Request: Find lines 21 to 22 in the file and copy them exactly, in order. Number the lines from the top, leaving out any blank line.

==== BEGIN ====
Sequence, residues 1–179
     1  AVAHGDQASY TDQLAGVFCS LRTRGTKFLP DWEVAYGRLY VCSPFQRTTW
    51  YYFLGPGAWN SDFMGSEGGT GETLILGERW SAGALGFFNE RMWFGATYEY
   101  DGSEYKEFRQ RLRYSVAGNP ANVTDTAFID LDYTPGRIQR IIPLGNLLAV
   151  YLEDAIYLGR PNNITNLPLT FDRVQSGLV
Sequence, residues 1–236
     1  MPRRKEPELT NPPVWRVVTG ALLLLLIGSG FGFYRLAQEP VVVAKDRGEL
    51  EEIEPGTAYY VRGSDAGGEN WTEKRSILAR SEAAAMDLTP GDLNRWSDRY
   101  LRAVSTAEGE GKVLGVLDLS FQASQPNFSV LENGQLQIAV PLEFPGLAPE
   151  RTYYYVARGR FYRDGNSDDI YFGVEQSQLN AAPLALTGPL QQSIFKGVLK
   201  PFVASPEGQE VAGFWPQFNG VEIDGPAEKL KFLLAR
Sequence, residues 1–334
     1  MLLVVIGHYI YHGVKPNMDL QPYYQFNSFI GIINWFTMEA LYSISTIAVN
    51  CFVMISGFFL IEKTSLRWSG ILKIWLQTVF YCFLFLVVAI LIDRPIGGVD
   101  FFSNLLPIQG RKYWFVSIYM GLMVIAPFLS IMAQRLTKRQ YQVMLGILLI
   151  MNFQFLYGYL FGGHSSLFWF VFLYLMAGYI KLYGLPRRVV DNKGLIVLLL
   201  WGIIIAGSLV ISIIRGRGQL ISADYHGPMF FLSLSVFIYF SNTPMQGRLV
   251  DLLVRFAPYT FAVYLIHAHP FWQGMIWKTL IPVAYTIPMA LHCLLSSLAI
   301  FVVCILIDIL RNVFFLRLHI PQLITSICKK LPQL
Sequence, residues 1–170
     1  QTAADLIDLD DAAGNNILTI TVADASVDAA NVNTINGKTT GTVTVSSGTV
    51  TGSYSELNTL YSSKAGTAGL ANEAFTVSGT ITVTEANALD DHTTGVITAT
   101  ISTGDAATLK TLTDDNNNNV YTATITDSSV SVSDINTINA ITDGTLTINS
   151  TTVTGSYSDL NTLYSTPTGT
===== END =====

     1  QTAADLIDLD DAAGNNILTI TVADASVDAA NVNTINGKTT GTVTVSSGTV
    51  TGSYSELNTL YSSKAGTAGL ANEAFTVSGT ITVTEANALD DHTTGVITAT